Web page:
Edward Hopper. Gas. 1940

Edward Hopper Gas 1940

  • Not on view

This work resulted from a composite representation of several gasoline stations seen by the artist. The light in this painting—both natural and artificial—gives the scene of a gas station and its lone attendant at dusk an underlying sense of drama. But rather than simply depicting a straightforward narrative, Hopper's aim was "the most exact transcription possible of my most intimate impressions of nature"—in this case, the loneliness of an American country road. Fellow artist Charles Burchfield believed these paintings would remain memorable beyond their time, because in his "honest presentation of the American scene . . . Hopper does not insist upon what the beholder shall feel."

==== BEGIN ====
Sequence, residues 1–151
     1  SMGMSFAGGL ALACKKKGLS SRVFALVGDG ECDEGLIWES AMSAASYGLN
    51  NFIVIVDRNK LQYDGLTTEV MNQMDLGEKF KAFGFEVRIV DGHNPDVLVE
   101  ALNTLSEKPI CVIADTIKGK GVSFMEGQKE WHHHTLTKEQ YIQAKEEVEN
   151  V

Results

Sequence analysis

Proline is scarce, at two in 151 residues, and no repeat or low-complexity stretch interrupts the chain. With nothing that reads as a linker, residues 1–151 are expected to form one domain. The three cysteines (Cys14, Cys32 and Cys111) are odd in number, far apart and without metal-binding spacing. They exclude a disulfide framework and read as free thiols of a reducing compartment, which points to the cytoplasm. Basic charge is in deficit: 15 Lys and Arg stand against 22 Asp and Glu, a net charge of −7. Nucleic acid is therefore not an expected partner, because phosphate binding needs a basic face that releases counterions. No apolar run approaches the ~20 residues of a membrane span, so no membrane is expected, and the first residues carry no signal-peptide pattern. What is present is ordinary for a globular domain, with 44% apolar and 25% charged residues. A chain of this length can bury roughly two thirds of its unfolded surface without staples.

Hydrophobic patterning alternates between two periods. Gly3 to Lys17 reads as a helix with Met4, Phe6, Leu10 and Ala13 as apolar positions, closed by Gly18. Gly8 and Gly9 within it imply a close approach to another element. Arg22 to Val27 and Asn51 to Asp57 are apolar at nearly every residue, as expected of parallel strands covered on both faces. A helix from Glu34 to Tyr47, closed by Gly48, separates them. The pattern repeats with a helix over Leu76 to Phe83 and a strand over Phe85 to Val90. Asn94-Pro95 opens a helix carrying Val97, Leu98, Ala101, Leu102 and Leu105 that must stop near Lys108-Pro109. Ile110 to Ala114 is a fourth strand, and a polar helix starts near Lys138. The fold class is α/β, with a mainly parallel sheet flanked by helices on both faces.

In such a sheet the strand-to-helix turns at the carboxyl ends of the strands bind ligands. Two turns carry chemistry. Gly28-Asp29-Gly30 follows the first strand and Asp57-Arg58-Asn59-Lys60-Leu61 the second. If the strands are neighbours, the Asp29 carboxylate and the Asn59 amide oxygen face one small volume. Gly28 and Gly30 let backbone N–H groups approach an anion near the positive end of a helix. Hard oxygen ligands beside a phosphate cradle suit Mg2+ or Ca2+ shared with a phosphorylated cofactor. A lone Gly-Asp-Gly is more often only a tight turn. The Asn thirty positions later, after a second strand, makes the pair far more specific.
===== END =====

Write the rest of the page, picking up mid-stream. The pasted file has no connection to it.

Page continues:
Gallery label from 2006
Medium
Oil on canvas
Dimensions
26 1/4 x 40 1/4" (66.7 x 102.2 cm)
Credit
Mrs. Simon Guggenheim Fund
Object number
577.1943
Department
Painting and Sculpture